Cleveland Foundation approves $500,000 grant – first in new mastery-based arts initiative – to Cleveland Public Theatre to expand successful theater programs for CMHA youth
RELEASE DATE 4.1.16
CLEVELAND – The Cleveland Foundation today launched its new mastery-based arts initiative through a $500,000 grant to Cleveland Public Theatre (CPT), expanding two highly successful theater programs for Cuyahoga Metropolitan Housing Authority (CMHA) youth. The CPT grant exemplifies the foundation’s enhanced focus on providing equitable access to mastery-based arts programs for underserved youth in the core city of Cleveland.
“The Cleveland Foundation’s new mastery-based arts initiative reflects our vision that children in every low-income neighborhood in Greater Cleveland should have the same access to high-quality arts education that their peers do,” said Ronn Richard, President and CEO of the Cleveland Foundation. “We believe that all art forms, from theater and music to dance and painting, help children hone developmental skills they will apply throughout their lives.”
The foundation’s funding supports the growth of the Brick City Theatre program, which guides students ages 5 to 14 through the creation and production of four plays at each site over the course of a year. The grant allows the program to triple the number of CMHA youth served from 300 to 1,000 across six public housing estates over the next two years. Brick City currently operates at Lakeview Terrace on the West Side and Woodhill Homes on the East Side.
In addition, the grant allows the Student Theatre Enrichment Program (STEP), which works with at-risk teens to write their own play and perform it on tour throughout the city, to scale up from a summer program to year-round.
“This infusion of support by the Cleveland Foundation is going to have a huge impact on youth in our community, providing powerful learning opportunities that address core academic skills, while also teaching core life skills of empathy, communication and team work,” said Raymond Bobgan, Executive Artistic Director, Cleveland Public Theatre. “We have learned that youth are ready and willing to step up to high expectations when they are highly regarded and given a platform to voice their thoughts, feelings and dreams. Youth build true and lasting esteem when they directly experience excellence and the rewards of high performance.”
The STEP expansion will include engagement of a resident STEP alumni ensemble to serve as interns for the program. STEP will also extend its technical theater and design job training module to year-round, adding employment preparation and job coaching modules.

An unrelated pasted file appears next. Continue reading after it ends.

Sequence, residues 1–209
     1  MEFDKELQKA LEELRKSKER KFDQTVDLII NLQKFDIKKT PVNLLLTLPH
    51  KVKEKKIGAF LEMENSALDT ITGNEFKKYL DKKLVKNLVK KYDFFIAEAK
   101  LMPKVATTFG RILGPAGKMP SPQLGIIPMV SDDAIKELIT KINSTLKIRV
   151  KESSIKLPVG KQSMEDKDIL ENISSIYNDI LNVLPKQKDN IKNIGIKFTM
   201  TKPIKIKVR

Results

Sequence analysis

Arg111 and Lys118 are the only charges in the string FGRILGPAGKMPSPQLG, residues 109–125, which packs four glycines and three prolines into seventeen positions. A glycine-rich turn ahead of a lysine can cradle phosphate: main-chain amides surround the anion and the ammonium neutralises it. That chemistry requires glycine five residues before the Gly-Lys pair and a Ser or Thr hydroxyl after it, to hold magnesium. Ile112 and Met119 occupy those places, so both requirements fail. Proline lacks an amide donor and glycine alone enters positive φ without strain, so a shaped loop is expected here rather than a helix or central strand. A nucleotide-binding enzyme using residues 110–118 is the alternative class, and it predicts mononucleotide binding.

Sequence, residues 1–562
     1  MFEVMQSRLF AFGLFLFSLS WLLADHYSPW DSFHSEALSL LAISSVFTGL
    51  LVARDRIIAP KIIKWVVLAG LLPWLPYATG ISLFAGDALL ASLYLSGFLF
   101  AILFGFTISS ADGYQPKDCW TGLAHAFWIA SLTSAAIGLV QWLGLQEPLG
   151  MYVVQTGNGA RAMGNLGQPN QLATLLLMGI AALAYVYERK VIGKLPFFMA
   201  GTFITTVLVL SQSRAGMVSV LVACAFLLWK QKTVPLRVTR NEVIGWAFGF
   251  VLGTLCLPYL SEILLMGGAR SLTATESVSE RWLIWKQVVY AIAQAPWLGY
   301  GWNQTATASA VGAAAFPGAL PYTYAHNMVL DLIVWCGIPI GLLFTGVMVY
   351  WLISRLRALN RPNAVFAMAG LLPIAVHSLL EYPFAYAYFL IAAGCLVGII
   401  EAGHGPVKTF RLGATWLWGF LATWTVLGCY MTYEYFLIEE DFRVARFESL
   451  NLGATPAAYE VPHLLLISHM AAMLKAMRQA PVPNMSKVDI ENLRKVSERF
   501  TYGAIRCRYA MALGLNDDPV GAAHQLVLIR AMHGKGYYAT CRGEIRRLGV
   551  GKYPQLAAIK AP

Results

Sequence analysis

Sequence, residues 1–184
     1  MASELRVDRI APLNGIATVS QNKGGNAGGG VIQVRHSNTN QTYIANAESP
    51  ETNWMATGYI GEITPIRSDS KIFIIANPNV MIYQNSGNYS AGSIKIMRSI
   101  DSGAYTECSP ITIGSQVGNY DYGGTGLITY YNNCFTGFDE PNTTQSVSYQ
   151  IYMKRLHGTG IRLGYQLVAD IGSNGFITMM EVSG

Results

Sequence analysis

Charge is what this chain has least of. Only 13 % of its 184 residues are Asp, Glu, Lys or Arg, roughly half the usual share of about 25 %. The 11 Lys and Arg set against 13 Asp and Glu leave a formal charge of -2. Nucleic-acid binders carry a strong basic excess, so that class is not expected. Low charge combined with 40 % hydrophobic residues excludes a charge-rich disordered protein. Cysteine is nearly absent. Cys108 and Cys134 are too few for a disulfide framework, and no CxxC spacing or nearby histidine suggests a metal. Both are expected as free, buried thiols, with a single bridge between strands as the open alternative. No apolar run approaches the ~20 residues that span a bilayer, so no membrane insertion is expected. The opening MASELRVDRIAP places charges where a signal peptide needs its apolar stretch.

“The Cuyahoga Metropolitan Housing Authority welcomes and appreciates this opportunity provided by the Cleveland Foundation to expand the performing arts programming provided by CPT to four additional CMHA sites,” said Jeffery K. Patterson, CMHA CEO. “These programs allow residents of all ages to come together to learn and enjoy all the wonderful things that the performing arts offers.”
“This grant is the first in our ongoing work to connect children with the incredible artistic talent we have in our community, to make Cleveland a place where the arts are an avenue for kids to become healthy, educated, happy, productive people,” said Lillian Kuri, Program Director for Arts and Urban Design at the Cleveland Foundation.
A documentary short highlighting the Brick City Theatre program at Lakeview Terrace is being released for public viewing today in conjunction with this grant announcement of the program’s expansion. The 2015 documentary short PLAYGROUND features I’ll be there, a play created last year by Brick City students that focused on violence against youth in the city. The film was produced by StoryLens Pictures.
Established in 1914, the Cleveland Foundation is the world’s first community foundation and one of the largest today, with assets of $2.1 billion and 2015 grants of $95 million. Through the generosity of donors, the foundation improves the lives of residents of Cuyahoga, Lake and Geauga counties by building community endowment, addressing needs through grantmaking, and providing leadership on vital issues. The foundation tackles the community’s priority areas – education and youth development, neighborhoods, health and human services, arts and culture, economic development and purposeful aging – and responds to the community’s needs.